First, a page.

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The latest, glorious selfie trend: sunburn art

Technically Incorrect: With the sun shining all around, have you ever thought of creating special shapes on your body for art using the sun's rays? The Batman logo, for example.

Technically Incorrect offers a slightly twisted take on the tech that's taken over our lives.

Is this art? Is it even necessary? #sunburnart/Instagram screenshot by Chris Matyszczyk/CNET

Messages crawl over my e-mail inbox like ants over a rancid apple.

On Wednesday, however, one rendered me temporarily insensate. It announced a trend of which I hadn't been aware.

I need to be aware of trends, otherwise I have no idea what progressive actions humanity is taking. In this instance, I was suddenly informed that humanity has gravitated toward sunburn art.

This is very much what you might imagine. You take the exposed parts of your body. You make your own clever stencils. Then nature beams itself upon you, the result being glorious patterns adoring your flesh without the assistance of a tattooist with a nose ring and a troubled attitude.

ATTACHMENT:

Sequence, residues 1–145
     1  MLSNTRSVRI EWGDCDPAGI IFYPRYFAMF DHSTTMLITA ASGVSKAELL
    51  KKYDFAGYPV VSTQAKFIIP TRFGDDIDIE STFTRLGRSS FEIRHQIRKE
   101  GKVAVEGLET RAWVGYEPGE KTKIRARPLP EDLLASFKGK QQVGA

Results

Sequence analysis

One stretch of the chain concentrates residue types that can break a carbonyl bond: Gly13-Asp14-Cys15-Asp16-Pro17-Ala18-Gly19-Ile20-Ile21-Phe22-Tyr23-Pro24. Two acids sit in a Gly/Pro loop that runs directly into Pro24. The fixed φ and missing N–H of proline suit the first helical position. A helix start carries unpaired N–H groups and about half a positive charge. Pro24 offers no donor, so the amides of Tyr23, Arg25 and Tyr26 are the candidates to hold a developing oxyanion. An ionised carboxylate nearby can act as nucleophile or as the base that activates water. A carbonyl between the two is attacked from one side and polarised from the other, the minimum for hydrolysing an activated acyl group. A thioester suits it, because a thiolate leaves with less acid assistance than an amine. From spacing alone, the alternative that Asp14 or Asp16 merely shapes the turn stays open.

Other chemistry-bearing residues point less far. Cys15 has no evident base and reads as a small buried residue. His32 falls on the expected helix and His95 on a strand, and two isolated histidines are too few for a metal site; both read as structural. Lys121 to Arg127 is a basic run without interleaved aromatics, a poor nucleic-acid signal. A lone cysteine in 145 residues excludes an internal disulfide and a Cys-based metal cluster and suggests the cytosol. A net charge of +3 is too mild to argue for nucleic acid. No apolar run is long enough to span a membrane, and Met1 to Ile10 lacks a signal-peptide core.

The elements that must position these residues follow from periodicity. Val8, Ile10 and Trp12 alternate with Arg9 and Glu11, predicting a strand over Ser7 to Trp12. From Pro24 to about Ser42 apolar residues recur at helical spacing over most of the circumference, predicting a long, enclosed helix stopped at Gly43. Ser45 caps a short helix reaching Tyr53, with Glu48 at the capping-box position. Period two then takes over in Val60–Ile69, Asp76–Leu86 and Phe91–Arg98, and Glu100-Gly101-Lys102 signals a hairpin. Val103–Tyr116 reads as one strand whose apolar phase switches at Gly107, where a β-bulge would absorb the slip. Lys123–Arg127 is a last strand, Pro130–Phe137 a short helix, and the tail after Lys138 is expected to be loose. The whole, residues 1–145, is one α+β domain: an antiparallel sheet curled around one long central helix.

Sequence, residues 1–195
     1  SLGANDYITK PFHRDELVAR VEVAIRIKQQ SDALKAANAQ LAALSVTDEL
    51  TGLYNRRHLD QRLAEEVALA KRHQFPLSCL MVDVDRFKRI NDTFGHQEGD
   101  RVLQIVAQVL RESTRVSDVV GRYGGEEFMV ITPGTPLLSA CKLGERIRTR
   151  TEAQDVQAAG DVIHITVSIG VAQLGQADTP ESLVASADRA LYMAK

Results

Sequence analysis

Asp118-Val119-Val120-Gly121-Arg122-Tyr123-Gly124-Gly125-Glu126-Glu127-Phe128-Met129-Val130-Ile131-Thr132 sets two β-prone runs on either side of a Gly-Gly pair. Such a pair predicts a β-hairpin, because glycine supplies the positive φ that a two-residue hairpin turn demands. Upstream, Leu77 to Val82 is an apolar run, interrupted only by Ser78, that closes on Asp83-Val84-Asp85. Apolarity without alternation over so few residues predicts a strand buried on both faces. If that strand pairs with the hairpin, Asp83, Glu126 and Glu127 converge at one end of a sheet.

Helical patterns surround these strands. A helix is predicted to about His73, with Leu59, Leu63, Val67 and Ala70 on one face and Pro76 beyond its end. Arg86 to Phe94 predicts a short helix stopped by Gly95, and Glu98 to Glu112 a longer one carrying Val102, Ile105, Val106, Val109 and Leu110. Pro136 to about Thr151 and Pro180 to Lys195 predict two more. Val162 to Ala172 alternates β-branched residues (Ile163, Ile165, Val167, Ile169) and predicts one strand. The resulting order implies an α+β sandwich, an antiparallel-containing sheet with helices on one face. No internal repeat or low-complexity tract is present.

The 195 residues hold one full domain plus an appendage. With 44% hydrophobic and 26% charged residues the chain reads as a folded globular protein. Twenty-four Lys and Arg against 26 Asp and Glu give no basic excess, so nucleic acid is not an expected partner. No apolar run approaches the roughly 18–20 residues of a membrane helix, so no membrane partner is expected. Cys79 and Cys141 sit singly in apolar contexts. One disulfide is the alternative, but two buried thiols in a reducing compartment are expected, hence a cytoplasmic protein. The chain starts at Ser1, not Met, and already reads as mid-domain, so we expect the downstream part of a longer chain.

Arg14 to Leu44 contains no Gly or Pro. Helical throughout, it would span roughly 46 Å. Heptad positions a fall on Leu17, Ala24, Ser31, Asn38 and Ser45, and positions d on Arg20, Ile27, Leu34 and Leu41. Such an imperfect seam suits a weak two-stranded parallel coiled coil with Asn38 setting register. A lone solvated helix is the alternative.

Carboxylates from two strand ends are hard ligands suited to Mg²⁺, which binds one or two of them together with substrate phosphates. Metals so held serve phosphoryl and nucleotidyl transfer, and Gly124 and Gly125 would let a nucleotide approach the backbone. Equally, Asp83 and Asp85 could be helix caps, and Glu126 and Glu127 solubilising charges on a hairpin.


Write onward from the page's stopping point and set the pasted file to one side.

I was directed to the Instagram hashtag #sunburnart. There I witnessed sunburn patterns that varied from the possibly accidental to the certainly grotesque.

But everyone thinks they have an artist inside of them. Social media merely encourages this (mis)conception.

Naturally, not everyone feels enlightened by this fad. The Skin Cancer Foundation offered this observation: "Sunburns cause DNA damage to the skin, accelerate skin aging, and increase your lifetime skin cancer risk. In fact, sustaining five or more sunburns in youth increases lifetime melanoma risk by 80 percent. On average, a person's risk for melanoma doubles if he or she has had more than five sunburns."

The American Cancer Society mused: "There are bad ideas. Then there's this!"

I fancy this particular art form might pass quickly, as it takes a little too much effort to create something fetching. Laziness is one of the most powerful forces in humankind today.

But another powerful force is exhibitionism. We need to thrust ourselves upon social media with ever-more fascinating updates, so that we can remain interesting to our heartfelt virtual friends.

I wonder how many people are lying on the beach or by the pool today and wondering what patterns they can project onto their bodies.

How pained they will be if they discover, on posting their work to #sunburnart, that someone has thought of it already.